6. Be sure you remove all the filler residue with burlap and/or rags. Residual filler under the finish will look cloudy. I use dowels sharped in the pencil sharpener to get the excess filler out the cracks and crevasses. Since the rags have linseed oil on them, be sure to depose of them properly.
  7. If you are going for a glass like surface, often called a “full finish˝ or “piano finish˝, you will have to let the finish cure for a week so it can shrink back, then do your final sanding and top coating.

That’s the fastest and easiest way to fill the pores in open grain wood unless you have an assembly line for finishing and ovens between step like a furniture factory!

Guy Senneville replies: I find that the easiest way to fill grain is to first apply boiled linseed oil. Once this has soaked in, apply another coat and while still wet, sprinkle with rottenstone. Work this slurry into the pores. When left alone it will “haze˝ over. Remove the haze with a rag by rubbing against the grain. Keep in mind that the second coat of oil can be colored with aniline dye. If you find that the color is too dark, remove some with clear oil. The rottenstone will be a dark grey to black pore filler. Let dry for about a week before applying a topcoat. You may also want to give your piece a once over with 0000 wool before applying a topcoat.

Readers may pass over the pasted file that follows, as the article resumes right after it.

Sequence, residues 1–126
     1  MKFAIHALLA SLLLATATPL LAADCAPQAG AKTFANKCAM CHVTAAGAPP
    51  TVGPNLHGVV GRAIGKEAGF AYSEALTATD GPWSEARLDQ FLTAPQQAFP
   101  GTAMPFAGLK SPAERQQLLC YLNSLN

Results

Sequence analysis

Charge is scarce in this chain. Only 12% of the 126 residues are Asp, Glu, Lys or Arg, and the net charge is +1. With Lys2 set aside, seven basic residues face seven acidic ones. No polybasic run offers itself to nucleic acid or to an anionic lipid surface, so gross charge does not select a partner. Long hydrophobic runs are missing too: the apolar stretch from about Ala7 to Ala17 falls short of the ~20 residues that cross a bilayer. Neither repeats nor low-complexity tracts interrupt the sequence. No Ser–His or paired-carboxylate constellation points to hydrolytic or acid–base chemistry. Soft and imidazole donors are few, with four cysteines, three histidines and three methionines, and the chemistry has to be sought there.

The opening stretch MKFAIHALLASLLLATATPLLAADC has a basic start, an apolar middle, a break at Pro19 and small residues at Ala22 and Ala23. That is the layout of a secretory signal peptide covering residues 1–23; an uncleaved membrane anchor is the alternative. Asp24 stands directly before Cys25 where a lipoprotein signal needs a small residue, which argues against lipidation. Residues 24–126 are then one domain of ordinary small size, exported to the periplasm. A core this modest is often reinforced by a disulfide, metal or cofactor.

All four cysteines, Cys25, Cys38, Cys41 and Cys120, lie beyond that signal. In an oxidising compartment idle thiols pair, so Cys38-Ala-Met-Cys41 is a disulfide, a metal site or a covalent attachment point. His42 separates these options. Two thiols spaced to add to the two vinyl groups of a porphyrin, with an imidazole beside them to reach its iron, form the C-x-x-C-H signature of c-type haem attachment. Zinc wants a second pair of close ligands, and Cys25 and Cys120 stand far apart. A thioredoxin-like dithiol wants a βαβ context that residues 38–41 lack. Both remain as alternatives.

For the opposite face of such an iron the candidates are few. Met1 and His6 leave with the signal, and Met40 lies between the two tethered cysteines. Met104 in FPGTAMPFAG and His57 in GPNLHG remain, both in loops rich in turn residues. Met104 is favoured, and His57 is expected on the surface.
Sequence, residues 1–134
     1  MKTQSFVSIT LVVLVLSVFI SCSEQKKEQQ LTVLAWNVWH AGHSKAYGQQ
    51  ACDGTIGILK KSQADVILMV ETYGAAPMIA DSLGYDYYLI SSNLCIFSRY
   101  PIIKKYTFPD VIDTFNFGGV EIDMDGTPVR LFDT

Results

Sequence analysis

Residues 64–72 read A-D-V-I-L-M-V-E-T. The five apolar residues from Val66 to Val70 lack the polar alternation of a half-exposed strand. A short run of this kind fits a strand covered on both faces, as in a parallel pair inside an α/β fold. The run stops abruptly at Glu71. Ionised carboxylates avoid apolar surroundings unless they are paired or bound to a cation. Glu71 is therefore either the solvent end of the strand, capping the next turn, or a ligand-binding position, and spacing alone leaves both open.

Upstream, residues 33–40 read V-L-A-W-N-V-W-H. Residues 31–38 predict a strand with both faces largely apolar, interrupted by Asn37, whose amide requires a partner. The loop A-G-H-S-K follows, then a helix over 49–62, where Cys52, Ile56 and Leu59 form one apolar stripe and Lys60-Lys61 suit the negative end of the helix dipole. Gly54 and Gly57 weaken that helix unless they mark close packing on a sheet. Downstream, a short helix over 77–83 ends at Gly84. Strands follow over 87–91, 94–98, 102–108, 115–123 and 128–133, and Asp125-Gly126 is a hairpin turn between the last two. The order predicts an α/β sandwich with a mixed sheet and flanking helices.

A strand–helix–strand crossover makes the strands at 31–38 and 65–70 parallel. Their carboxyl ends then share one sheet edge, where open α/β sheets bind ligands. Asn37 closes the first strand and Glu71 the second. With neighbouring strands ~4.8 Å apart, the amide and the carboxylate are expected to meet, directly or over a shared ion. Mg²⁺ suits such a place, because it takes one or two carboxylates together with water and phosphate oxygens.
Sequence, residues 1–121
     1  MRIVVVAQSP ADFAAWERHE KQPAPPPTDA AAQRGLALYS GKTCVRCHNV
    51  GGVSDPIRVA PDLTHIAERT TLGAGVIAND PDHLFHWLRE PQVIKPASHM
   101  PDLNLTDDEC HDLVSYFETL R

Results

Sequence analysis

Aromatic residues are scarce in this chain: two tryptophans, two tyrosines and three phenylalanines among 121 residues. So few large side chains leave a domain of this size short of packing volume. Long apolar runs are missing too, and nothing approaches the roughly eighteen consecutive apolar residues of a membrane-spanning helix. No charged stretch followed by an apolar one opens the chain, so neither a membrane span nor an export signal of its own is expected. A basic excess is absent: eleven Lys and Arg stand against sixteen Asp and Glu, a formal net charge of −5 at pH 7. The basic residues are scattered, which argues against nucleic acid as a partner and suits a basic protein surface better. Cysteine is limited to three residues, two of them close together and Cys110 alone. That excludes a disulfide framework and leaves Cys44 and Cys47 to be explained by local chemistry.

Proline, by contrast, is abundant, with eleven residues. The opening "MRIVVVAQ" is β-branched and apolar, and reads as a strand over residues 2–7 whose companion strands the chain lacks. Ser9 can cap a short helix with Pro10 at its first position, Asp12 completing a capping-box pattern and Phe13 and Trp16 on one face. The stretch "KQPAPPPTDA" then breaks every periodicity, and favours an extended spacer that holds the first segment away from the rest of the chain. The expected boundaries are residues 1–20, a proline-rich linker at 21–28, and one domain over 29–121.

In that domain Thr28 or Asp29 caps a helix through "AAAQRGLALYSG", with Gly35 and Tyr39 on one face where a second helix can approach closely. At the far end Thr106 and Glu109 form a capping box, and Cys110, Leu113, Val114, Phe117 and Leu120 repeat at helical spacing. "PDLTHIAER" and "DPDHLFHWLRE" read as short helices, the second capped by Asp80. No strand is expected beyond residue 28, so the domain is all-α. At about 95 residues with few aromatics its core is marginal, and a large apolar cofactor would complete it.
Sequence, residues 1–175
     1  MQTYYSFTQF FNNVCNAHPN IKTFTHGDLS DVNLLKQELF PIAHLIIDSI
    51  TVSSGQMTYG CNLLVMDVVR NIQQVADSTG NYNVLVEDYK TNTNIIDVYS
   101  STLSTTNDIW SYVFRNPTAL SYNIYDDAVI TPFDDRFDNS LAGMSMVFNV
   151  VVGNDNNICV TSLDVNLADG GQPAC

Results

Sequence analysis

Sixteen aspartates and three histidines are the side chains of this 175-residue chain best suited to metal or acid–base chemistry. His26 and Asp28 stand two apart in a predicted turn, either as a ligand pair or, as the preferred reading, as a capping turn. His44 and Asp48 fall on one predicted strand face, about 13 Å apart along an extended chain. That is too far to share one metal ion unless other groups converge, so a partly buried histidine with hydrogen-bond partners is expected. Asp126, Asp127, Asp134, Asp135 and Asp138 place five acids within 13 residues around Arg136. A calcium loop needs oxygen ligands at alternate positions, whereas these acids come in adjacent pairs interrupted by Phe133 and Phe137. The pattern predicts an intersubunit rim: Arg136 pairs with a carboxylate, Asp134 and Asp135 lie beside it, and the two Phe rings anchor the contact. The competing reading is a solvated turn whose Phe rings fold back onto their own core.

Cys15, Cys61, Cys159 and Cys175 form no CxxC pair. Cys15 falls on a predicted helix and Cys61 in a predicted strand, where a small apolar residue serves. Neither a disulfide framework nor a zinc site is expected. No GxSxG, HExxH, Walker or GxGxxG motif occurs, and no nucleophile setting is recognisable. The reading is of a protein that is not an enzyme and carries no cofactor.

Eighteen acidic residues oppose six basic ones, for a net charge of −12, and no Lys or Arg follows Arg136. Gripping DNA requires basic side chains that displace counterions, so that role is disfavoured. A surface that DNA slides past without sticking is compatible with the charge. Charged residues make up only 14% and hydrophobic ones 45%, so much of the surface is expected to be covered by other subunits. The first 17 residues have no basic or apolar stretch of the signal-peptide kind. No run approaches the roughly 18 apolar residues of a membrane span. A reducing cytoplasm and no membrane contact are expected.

John Whiteside replies: First sand (and/or plane and scrape) the wood to a finish-ready surface. Then mix some epoxy. Choose the set-time of the epoxy so that you will have time to apply it to the entire surface before it starts to set. Apply the epoxy with a plastic scraper and remove the excess with a rubber window squeegee in a direction perpendicular to the long axis of the pores. The goal is to work epoxy into the pores, not to coat the surface.

When the epoxy has cured, lightly sand the surface. The goal is not to remove wood, only to remove epoxy roughness on the surface. If it is a really deep-pored wood, such as oak, you will likely need to repeat this process three times. I have had really good results on Indian rosewood with two applications, capable of taking a mirror-gloss finish with no trace of pores whatsoever. That is, there are no visible depressions under even a harsh raking light and no telegraphing color differences between the filled pores and the surrounding areas. The epoxy-filled pores take their color from the surrounding wood.